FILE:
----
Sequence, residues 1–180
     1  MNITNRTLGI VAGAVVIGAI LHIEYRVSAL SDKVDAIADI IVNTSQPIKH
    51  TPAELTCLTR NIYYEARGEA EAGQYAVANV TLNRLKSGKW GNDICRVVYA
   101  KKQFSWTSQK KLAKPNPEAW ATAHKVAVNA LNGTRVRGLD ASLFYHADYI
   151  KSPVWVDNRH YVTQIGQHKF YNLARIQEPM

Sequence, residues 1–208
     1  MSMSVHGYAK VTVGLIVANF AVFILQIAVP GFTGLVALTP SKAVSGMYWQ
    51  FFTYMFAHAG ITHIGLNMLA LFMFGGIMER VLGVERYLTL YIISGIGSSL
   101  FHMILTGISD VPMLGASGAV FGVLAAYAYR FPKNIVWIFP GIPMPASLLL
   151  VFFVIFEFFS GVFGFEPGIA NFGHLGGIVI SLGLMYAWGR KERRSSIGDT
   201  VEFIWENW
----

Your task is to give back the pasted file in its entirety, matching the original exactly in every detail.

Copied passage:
Sequence, residues 1–180
     1  MNITNRTLGI VAGAVVIGAI LHIEYRVSAL SDKVDAIADI IVNTSQPIKH
    51  TPAELTCLTR NIYYEARGEA EAGQYAVANV TLNRLKSGKW GNDICRVVYA
   101  KKQFSWTSQK KLAKPNPEAW ATAHKVAVNA LNGTRVRGLD ASLFYHADYI
   151  KSPVWVDNRH YVTQIGQHKF YNLARIQEPM

Sequence, residues 1–208
     1  MSMSVHGYAK VTVGLIVANF AVFILQIAVP GFTGLVALTP SKAVSGMYWQ
    51  FFTYMFAHAG ITHIGLNMLA LFMFGGIMER VLGVERYLTL YIISGIGSSL
   101  FHMILTGISD VPMLGASGAV FGVLAAYAYR FPKNIVWIFP GIPMPASLLL
   151  VFFVIFEFFS GVFGFEPGIA NFGHLGGIVI SLGLMYAWGR KERRSSIGDT
   201  VEFIWENW